By Julian Lee
As the Covid-19 virus spreads around the world, demand forecasts have been slashed. The biggest reductions have been made to the first quarter, when the virus is likely to have its most significant impact in Asia. As the disease spreads to Europe and the Americas in the second quarter and its impact on Asia potentially eases, the effect on global oil demand is lessened, although that view may change if governments continue to respond with widespread travel bans like the one imposed by President Donald Trump on flights into the U.S. from Europe.
Forecasts of global oil demand in the first quarter of 2020 have been cut by between 1.22 million barrels a day (EIA) and 2.17 million barrels (IEA). The reductions for the second quarter show a similar pattern, with the IEA making the biggest revision and the EIA the smallest. Demand forecasts for the third and fourth quarters have also been trimmed. Although the reductions are smaller, none of the three agencies is predicting an economic rebound in the second half of the year that’s strong enough to lead them to raise their forecasts for oil demand.
The revisions mean that year-on-year demand growth has all but disappeared. The IEA now sees the world using almost 100,000 barrels a day less oil this year than it did in 2019, while OPEC still sees demand being marginally higher than last year. The EIA is the most optimistic of the three, but even it now expects oil use to increase by just 360,000 barrels a day, down from a forecast of 1.43 million barrels in December.
The biggest hit to demand growth is seen in the current quarter and the picture is forecast to improve as the year goes on and the impact of Covid-19 is expected to weaken. Forecasts for the second quarter of the year vary between a small year-on-year increase in demand (up 90,000 barrels a day according to the EIA) and a second quarter of modest decline (down by 360,000 barrels a day according to OPEC). Growth should return to oil demand in the second half of the year, with all three agencies seeing an increase of close to 1 million barrels a day over consumption levels in the same period of 2019.
Without a corresponding cut in supply, global stockpiles are expected to swell. But instead of a cut we now look like getting a massive increase, at least in the short term. That supply surge doesn’t appear in any of the three outlooks. The EIA is the only one of the three to project OPEC production and it has it rising, but only back to the level seen in December.
In the absence of agency forecasts for oil production, we examine what would happen to global inventories if the group’s production remains flat at its most recent monthly level. For the IEA that is 28.34 million barrels a day, for the EIA 28.49 million and for OPEC: 27.77 million. The reason for the big difference between the OPEC figure and the others is that it’s the only one of the three to have removed Ecuador from the total after the country left the group in January.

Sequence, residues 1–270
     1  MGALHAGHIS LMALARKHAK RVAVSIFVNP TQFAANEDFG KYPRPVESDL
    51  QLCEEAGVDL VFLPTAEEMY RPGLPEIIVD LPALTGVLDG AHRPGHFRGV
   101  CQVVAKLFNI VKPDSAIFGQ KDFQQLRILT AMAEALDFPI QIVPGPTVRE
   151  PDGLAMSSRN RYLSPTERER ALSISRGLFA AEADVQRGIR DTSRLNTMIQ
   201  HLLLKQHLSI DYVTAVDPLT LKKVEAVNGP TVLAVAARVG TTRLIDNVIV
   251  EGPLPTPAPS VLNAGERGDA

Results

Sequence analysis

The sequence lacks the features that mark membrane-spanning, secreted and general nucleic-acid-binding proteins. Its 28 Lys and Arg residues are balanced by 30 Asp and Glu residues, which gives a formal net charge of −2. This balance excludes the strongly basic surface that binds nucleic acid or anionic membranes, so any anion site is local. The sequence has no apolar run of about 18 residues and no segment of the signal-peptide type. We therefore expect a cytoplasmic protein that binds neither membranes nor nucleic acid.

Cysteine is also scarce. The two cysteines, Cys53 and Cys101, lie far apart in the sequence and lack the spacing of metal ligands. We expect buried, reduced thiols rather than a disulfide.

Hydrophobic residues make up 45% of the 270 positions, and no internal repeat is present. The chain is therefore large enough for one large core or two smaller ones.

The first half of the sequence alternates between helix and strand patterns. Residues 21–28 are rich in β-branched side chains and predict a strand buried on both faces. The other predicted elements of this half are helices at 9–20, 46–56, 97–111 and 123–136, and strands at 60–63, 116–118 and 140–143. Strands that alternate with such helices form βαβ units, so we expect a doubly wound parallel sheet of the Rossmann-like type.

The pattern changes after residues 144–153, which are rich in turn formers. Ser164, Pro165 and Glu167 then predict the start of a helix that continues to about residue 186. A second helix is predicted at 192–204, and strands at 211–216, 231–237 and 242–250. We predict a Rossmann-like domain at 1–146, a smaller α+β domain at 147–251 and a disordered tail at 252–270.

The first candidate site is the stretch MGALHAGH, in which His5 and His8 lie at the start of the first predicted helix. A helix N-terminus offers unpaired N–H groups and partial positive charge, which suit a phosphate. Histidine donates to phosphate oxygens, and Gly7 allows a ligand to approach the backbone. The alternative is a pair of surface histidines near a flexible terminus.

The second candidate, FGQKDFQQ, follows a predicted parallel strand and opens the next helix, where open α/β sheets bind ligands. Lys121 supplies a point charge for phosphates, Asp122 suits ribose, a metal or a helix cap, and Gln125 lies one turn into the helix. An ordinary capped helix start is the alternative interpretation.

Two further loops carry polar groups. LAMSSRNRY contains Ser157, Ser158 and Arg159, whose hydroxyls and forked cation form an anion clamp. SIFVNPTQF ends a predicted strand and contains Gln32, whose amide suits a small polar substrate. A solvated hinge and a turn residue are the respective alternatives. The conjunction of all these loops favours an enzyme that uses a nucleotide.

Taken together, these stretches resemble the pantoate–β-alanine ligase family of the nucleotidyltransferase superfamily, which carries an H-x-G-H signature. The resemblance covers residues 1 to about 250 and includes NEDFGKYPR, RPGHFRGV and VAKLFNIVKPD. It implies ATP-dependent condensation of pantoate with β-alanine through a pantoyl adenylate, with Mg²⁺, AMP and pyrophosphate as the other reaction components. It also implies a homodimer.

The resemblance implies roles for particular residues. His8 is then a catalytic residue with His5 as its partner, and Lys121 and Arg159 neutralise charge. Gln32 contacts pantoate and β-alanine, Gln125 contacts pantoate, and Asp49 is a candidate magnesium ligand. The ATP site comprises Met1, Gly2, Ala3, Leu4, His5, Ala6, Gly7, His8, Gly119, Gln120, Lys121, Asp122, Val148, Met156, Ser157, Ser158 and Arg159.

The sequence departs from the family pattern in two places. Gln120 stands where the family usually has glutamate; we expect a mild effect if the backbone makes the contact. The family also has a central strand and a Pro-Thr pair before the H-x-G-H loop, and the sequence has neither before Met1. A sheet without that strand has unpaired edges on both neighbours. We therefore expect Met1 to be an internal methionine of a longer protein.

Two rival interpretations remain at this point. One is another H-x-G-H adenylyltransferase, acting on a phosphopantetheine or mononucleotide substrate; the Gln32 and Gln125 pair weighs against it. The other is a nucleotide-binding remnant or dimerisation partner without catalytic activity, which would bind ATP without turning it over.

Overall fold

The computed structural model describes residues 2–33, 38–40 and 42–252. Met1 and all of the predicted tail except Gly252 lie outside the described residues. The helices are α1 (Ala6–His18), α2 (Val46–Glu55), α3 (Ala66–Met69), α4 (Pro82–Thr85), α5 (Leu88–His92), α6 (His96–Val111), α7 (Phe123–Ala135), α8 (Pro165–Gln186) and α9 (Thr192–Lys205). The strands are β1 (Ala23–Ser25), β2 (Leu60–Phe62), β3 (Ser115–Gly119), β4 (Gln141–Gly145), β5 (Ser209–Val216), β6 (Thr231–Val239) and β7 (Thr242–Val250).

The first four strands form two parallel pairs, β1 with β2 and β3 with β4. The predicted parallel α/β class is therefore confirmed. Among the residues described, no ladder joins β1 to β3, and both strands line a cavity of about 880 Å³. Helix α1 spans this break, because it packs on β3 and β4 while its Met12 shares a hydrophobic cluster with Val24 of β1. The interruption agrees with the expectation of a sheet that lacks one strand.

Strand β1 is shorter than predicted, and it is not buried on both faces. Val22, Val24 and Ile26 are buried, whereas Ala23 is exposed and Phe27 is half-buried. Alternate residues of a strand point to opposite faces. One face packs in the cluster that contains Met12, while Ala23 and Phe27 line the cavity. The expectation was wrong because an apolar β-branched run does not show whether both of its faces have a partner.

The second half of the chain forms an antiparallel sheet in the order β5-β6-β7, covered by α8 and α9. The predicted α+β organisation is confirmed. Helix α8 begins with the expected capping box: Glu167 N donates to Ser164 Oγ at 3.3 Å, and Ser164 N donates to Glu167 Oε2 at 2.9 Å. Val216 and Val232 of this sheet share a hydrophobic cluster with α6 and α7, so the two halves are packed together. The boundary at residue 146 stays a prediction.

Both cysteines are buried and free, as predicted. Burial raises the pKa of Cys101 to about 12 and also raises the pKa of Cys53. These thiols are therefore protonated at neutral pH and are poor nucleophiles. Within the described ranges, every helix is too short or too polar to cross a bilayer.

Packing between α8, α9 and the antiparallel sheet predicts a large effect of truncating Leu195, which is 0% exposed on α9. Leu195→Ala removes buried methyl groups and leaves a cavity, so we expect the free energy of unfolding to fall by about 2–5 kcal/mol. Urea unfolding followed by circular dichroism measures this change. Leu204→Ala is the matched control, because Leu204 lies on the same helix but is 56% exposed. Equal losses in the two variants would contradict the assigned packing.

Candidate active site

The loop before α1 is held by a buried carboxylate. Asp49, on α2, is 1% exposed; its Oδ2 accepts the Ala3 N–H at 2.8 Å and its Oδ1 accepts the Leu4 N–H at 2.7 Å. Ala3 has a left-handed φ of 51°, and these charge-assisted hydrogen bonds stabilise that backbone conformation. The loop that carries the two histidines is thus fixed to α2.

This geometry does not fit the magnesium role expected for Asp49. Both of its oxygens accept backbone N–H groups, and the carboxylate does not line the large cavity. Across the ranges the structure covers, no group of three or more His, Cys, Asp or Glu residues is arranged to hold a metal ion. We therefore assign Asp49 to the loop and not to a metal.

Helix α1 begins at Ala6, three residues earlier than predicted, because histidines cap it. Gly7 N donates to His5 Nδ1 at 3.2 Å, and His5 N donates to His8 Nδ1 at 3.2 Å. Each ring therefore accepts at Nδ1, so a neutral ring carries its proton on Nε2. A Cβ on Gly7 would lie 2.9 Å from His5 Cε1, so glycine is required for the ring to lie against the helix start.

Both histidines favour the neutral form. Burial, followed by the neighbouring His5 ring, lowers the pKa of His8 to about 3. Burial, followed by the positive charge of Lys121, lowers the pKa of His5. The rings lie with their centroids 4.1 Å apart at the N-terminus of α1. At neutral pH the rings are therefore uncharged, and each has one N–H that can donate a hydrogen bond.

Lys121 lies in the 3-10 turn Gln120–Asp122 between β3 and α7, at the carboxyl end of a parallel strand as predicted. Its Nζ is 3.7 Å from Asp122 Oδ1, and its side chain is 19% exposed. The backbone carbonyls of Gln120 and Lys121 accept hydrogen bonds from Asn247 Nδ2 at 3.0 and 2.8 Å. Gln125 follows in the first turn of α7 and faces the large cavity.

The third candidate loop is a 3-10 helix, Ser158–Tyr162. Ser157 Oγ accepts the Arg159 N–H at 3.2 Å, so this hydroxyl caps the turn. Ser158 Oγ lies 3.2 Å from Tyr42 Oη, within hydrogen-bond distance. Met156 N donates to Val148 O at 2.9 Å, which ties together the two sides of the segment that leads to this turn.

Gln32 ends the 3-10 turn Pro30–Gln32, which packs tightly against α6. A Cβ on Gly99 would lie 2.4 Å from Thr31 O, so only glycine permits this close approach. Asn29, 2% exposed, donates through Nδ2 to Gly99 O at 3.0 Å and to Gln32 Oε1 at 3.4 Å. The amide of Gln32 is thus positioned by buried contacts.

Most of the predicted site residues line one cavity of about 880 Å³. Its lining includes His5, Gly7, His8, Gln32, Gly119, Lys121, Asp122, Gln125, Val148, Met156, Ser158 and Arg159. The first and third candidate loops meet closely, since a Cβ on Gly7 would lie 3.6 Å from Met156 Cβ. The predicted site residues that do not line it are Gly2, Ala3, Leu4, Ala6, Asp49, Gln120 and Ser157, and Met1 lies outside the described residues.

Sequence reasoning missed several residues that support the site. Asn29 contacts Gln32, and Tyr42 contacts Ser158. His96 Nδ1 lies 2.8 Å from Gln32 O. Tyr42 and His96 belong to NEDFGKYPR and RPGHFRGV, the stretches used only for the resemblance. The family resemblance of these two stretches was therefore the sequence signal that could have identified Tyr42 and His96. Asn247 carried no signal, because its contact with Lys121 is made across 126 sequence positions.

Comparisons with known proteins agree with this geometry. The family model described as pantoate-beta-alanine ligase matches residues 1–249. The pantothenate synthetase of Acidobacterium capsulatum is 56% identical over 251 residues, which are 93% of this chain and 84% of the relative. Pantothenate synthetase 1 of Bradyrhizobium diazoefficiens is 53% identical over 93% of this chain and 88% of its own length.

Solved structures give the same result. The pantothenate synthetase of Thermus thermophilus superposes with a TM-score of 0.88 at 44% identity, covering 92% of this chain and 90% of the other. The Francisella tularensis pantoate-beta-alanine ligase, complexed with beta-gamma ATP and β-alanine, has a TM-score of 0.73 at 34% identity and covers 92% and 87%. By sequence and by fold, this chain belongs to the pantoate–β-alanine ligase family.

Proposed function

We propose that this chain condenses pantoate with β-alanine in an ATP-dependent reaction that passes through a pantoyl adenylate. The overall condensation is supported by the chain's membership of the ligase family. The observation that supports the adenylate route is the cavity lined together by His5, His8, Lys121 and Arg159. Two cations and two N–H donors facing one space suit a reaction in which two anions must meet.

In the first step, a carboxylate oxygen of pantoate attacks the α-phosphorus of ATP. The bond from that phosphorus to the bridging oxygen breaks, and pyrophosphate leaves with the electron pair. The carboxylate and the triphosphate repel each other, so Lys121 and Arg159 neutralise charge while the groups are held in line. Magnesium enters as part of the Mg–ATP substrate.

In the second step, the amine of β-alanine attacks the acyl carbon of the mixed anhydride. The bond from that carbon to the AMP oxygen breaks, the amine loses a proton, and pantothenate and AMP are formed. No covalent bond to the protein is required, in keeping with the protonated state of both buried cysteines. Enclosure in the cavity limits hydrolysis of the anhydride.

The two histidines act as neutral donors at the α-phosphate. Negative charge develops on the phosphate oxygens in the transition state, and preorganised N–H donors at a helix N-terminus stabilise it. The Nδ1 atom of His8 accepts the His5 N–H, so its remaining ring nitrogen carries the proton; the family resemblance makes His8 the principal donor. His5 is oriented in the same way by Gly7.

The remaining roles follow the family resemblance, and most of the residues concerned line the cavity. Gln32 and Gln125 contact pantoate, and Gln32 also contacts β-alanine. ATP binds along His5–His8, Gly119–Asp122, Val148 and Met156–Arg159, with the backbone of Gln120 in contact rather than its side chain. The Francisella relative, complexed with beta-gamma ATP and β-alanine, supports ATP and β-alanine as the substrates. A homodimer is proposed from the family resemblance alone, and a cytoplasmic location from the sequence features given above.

With output unchanged going forward, the IEA already saw the global stockpile building at a rate of more than 1 million barrels a day, more than double the previous month’s estimate of less than half a million barrels. OPEC on the other hand, saw stockpiles falling. Not surprisingly, given the changes to their oil demand outlooks, all three agencies expected stockbuilds in the first half of the year to be followed by draws in the second half.
The Saudi decision to abandon output restraint and flood the market with crude has made the agencies’ projections of global supply-demand balances redundant. Crude production could initially surge by as much as 4.5 million barrels a day, if announcements from Saudi Arabia, the United Arab Emirates, Iraq, Nigeria and Russia are taken at face value. But lower oil prices will almost inevitably lead to a slowdown in some production elsewhere as the year progresses. These changes have not been factored into the latest outlooks from the three big agencies.
The EIA has begun to cut its forecast for U.S. crude production, which it now sees peaking as soon as April and then beginning to fall. Its latest outlook shows production in December 2020 back where it was at the end of last year. The drop could become much steeper if rival nation producers who have spare capacity begin to utilize it to the full and oil prices fail to recover from their current level near $30 a barrel.